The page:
Another method to specify the direction of a two-dimensional vector besides *bearing* is to state the angle measured from the positive $x$-direction to the direction of the vector *anticlockwise*.

Suppose a vector in component form and unknown angle against some reference direction, then the right-angled triangle can be sketched with the vector as hypotenuse. Then basic trigonometry can be used to find the acute angle that can be used to find the desired angle.

### Finding the components of a two-dimensional vector from its magnitude

- Sketch the right-angled triangle whose hypotenuse is the vector
- Use basic trigonometry to find the
*magnitudes*of the components - Using the direction of the vector find their
*signs*

Consider a vector $\textbf{v}$ that makes the angle $\theta$ with the positive $x$-direction. Let $\textbf{u}$ be the vector in same direction but with magnitude 1. When placed on origin, its tip lies on unit circle, hence it has coordinates of $(\cos\theta, \sin\theta)$. Hence $$ \begin{align*} \textbf{u} &= \cos\theta\textbf{i} + \sin\theta\textbf{j} \\ \text{v} &= |\textbf{v}|(\cos\theta\textbf{i} + \sin\theta\textbf{j}) = |\textbf{v}|\cos\theta\textbf{i} + |\textbf{v}|\sin\theta\textbf{j} \end{align*} $$

So following fact

#### Component form of a two-dimensional vector in terms of its magnitude and its angle with the positive $x$-direction

If the two-dimensional vector $\textbf{v}$ makes the angle $\theta$ with the positive $x$-direction, then $$ \textbf{v} = |\textbf{v}|\cos\theta\textbf{i} + |\textbf{v}|\sin\theta\textbf{j} $$

# 7 Scalar product of two vectors

Is a way to multiply two vectors, also known as the *dot product*.
It provides a convenient method for finding the angle between any two vectors.

## 7.1 Calculating scalar products

The **angle between** two vectors $\textbf{a}$ and $\textbf{b}$ is the angle $\theta$ in the range $0 \le \theta \le 180^{\circ}$.

### Scalar product of two vectors

The **scalar product** of the non-zero vectors $\textbf{a}$ and $\textbf{b}$ is
$$
\textbf{a} \cdot \textbf{b} = |\textbf{a}| |\textbf{b}|\cos\theta
$$
where $\theta$ is the angle between $\textbf{a}$ and $\textbf{b}$.

If $\textbf{a}$ or $\textbf{b}$ is the zero vector, then $\textbf{a} \cdot \textbf{b} = 0$.

The scalar product is *scalar* because none of the quantities has a direction.

If two non-zero vectors are perpendicular, then their scalar product is zero since $$ \textbf{a} \cdot \textbf{b} = |\textbf{a}| |\textbf{b}|\cos90^{\circ} = |\textbf{a}| |\textbf{b}|\times0 $$

The scalar product of a vector with itself is equal to the square of the magnitude of the vector since $$ \textbf{a} \cdot \textbf{a} = |\textbf{a}||\textbf{a}|\cos0^\circ = |\textbf{a}||\textbf{a}| \times 1 = |\textbf{a}|^2 $$

#### Properties of the scalar product

The following properties hold for all vectors $\textbf{a}$, $\textbf{b}$ and $\textbf{c}$, and every scalar $m$.

- Suppose that $\textbf{a}$ and $\textbf{b}$ are non-zero. If $\textbf{a}$ and $\textbf{b}$ are perpendicular, then $\textbf{a} \cdot \textbf{b} = 0$, and vice versa.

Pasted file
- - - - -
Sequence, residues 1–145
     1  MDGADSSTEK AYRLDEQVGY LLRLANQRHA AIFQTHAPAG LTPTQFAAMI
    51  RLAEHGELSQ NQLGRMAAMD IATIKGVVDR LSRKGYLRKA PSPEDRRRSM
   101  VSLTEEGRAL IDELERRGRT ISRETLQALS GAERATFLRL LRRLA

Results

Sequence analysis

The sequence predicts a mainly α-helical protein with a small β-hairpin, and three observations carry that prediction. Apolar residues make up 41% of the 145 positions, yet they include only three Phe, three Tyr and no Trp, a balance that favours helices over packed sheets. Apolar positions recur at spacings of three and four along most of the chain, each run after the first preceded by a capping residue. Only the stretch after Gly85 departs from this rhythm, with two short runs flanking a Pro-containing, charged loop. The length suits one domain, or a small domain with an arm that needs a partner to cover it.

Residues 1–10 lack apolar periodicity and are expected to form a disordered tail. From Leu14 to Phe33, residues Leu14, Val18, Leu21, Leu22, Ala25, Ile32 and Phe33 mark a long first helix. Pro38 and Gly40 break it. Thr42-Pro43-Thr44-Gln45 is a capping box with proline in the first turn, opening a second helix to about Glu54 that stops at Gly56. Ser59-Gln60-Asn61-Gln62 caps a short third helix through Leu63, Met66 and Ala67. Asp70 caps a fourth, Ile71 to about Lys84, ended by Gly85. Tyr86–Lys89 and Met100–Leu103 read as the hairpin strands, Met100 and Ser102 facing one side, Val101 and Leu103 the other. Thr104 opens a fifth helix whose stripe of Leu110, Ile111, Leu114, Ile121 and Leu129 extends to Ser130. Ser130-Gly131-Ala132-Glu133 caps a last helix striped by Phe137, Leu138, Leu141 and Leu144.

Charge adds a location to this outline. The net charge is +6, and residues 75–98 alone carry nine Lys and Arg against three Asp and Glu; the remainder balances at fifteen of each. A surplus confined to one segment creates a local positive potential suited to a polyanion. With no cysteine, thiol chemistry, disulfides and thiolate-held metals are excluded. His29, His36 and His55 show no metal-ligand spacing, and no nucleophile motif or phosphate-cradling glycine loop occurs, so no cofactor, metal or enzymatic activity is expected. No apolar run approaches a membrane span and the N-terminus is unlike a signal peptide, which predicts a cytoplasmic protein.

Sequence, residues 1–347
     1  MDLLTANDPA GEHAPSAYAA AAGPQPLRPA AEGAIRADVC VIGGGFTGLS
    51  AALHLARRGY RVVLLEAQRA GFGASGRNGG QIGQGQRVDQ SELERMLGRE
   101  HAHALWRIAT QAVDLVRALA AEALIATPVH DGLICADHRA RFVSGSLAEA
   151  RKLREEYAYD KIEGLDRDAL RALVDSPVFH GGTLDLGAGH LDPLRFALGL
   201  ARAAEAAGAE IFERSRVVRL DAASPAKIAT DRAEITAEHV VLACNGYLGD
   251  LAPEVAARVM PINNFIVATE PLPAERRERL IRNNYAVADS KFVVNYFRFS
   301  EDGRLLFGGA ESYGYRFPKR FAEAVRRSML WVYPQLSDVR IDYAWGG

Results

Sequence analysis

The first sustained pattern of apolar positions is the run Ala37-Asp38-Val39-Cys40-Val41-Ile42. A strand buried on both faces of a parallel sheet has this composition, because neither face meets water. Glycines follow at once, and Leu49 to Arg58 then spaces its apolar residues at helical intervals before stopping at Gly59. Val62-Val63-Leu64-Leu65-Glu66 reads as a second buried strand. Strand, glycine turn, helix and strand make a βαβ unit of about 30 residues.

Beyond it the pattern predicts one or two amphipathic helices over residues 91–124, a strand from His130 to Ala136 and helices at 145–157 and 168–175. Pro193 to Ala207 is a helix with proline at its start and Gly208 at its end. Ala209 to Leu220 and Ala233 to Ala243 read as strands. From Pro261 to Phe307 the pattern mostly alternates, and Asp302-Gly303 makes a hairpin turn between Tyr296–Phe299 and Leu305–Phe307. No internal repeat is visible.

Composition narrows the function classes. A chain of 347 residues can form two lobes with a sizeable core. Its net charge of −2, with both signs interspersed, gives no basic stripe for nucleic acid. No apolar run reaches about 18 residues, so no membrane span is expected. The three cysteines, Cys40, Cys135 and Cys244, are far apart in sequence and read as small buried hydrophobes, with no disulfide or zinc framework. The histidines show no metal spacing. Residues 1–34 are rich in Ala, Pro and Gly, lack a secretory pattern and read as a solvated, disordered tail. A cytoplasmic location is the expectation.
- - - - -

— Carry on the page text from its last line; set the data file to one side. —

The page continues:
- $\textbf{a} \cdot \textbf{a} = |\textbf{a}|^2$
- $\textbf{a} \cdot \textbf{b} = \textbf{b} \cdot \textbf{a}$
- Operation of taking scalar product is commutative

- $\textbf{a} \cdot (\textbf{b} + \textbf{c}) = \textbf{a} \cdot \textbf{b} + \textbf{a} \cdot \textbf{c}$
- Operation of taking scalar product is distributive over vector addition

- $(m\textbf{a}) \cdot \textbf{b} = m(\textbf{a} \cdot \textbf{b}) = \textbf{a} \cdot (m\textbf{b})$
- Multiplication by a scalar is distributive over the operation of taking a scalar product

### Calculating scalar products from components

Consider $\textbf{a} = a_1\textbf{i} + a_2\textbf{j}$ and $\textbf{b} = b_1\textbf{i} + b_2\textbf{j}$ Their scalar product is $$ \begin{align*} \textbf{a} \cdot \textbf{b} &= (a_1\textbf{i} + a_2\textbf{j}) \cdot (b_1\textbf{i} + b_2\textbf{j}) \\ &= (a_1\textbf{i}) \cdot (b_1\textbf{i}) + (a_1\textbf{i}) \cdot (b_2\textbf{j}) + (a_2\textbf{j}) \cdot (b_1\textbf{i}) +(a_2\textbf{j}) \cdot (b_2\textbf{j}) \\ &= a_1b_1(\textbf{i} \cdot \textbf{i}) + a_1b_2(\textbf{i} \cdot \textbf{j}) + a_2b_1(\textbf{j} \cdot \textbf{i}) + a_2b_2(\textbf{j} \cdot \textbf{j}) \end{align*} $$

Given the properties of the scalar product and the fact both $\textbf{i}$ and $\textbf{j}$ have magnitude 1, we get following definition

#### Scalar product of vectors in terms of components

If $\textbf{a} = a_1\textbf{i} + a_2\textbf{j} + a_3\textbf{k}$ and $\textbf{b} = b_1\textbf{i} + b_2\textbf{j} + b_3\textbf{k}$, then $$ \textbf{a} \cdot \textbf{b} = a_1b_1 + a_2b_2 + a_3b_3 $$

In column notation, if $\textbf{a} = \begin{pmatrix}a_1 \ a_2 \ a_3\end{pmatrix}$ and $\textbf{b} = \begin{pmatrix}b_1 \ b_2 \ b_3\end{pmatrix}$, then $\textbf{a} \cdot \textbf{b} = a_1b_1 + a_2b_2 + a_3b_3$

## 7.2 Finding the angle between two vectors

Rearranging the definition of the scalar product gives following fact

#### Angle between two vectors

The angle $\theta$ between any two non-zero vectors $\textbf{a}$ and $\textbf{b}$ is given by $$ \cos\theta = \frac{\textbf{a} \cdot \textbf{b}}{|\textbf{a}||\textbf{b}|} $$